What is Dynamic Scoring
A measure of the impact that proposed tax budgets would have on the budget deficit and the overall economy over time. Dynamic scoring is one of two models used by the Tax Foundation that accounts for how fiscal policy changes indirectly affect macroeconomic measures like GDP and employment in the long term.
The second model, static scoring, measures the immediate and direct change to spending, revenue and the deficit due to new fiscal policies.
BREAKING DOWN Dynamic Scoring
Dynamic scoring follows supply-side economics, which states that supply is the primary driving force behind an economy’s growth. When capital and labor are supplied, demand is created. Tax increases on a worker’s wage affects the amount of labor that he provides. The worker will work less, save less, and invest less. On the other hand, tax cuts mean more disposable income for the worker who would in turn work longer and harder, and save and invest more money, thereby stimulating economy growth. The effects on costs of labor and capital due to a tax change are calculated using the dynamic model, after which the effect on other economic factors like GDP, employment, and federal revenues are taken into account.
The Congressional Budget Office (CBO) and Joint Committee on Taxation (JCT) work closely with Congress to forecast the country’s surplus or deficit due to fiscal changes in a proposed budget. These offices historically used static scores to outline the direct effect of new tax laws on spending, revenue, and the budget. In 2015, House Republicans passed a law that required the CBO and JCT to use dynamic scoring for major legislation. For example, the CBO evaluated President Barack Obama’s budget for fiscal year 2013 by calculating where the deficit would be after its impact on GDP is factored in. The dynamic score showed that the GDP, due to the proposed budget, will change between 1.4% and -0.2% from 2013 to 2017, boosting demand, and between -0.5% and -2.2% from 2018 to 2022, hurting private investments.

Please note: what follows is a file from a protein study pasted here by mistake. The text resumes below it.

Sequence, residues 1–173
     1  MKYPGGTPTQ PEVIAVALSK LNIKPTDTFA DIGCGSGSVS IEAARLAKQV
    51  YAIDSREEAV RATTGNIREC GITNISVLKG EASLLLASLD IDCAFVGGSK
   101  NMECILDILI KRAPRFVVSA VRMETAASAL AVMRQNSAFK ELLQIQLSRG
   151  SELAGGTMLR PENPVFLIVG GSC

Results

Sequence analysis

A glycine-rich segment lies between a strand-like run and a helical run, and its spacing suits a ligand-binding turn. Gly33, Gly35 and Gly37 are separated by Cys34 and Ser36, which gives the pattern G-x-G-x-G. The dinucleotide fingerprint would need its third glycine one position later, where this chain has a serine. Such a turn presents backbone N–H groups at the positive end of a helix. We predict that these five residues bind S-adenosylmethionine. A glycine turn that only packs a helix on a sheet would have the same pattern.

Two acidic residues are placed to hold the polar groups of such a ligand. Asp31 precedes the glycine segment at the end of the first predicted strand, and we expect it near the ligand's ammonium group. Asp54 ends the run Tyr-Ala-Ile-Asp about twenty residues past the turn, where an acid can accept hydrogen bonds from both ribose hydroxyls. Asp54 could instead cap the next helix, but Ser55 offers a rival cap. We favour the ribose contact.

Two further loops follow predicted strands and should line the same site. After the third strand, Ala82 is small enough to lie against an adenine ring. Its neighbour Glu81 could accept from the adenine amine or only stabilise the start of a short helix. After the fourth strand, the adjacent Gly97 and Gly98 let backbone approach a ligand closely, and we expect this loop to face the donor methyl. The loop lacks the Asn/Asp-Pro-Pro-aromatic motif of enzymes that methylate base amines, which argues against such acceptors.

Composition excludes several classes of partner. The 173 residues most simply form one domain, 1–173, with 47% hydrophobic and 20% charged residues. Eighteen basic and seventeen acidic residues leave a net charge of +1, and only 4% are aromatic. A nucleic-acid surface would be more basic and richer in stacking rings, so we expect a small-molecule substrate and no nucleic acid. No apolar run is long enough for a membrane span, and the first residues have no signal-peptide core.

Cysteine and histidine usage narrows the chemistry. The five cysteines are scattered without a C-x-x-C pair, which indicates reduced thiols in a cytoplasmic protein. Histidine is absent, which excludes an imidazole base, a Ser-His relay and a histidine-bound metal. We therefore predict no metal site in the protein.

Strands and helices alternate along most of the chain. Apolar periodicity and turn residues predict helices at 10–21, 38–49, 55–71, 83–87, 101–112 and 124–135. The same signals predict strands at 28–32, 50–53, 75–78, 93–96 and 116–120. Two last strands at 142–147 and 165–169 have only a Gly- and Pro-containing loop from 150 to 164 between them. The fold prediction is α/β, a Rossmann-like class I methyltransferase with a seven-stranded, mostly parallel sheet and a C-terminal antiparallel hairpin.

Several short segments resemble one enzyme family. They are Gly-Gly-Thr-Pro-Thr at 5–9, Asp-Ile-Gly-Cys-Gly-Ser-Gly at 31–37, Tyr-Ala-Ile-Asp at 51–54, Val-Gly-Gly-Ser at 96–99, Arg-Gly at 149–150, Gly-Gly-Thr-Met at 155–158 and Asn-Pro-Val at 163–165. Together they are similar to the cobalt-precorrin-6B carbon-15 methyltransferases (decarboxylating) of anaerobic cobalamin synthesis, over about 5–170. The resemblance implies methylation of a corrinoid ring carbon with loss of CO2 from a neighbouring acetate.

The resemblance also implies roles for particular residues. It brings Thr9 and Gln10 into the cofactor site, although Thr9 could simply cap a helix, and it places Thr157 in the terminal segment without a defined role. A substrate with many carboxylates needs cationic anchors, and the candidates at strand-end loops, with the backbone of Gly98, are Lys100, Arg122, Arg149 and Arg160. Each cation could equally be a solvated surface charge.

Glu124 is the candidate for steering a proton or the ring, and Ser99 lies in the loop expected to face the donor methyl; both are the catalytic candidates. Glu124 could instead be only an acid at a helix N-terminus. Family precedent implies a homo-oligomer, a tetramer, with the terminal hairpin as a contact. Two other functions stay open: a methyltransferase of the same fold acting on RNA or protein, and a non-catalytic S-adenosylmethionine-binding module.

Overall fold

While republicans believe that tax cuts will contribute largely to the growth of the economy and use dynamic scoring to support their claims, liberals and opponents argue that dynamic scoring is a biased measure and will only encourage tax cuts and increase the country’s deficit in the long run. In 2003, President George W. Bush cut taxes on salaries and investment income but still maintained a huge deficit. So while the supply side benefit of tax reduction increased the amount of labor, savings, and investments, the high deficit increased interest rates in the economy. The Tax Policy Center’s dynamic analysis on President Donald Trump’s 2016 plan to cut taxes for businesses and individuals showed that the increase in supply of labor and capital that ensues will eventually be offset by the reduced investments from a higher budget deficit.
Example of dynamic scoring
The following is a very basic example of how dynamic and static scoring are interpreted. If income tax for a certain worker was cut from 30% to 25% and she earns $100,000 per annum, federal revenue produced is reduced to $25,000 from $30,000. Because the lower tax rate cost the government $5,000 in lost revenue, static analysis states that the tax cut will have no impact or change in how the worker behaves. Dynamic scoring assumes that the lower tax rate will lead to higher disposable income which creates an incentive for the individual to work, save, and invest more money. The increase in the worker’s financial activity will create additional income for her of say, $100,000, which is also taxed at 25%. The government receives an inflow of $25,000 which fully or partially offsets the initial cost.
Although dynamic scoring is in its infant stages where there are no set processes on the assumptions used in creating the dynamic model, it is still considered a valuable tool for policy makers to evaluate the trade-offs in tax changes and policies that would achieve their goal better.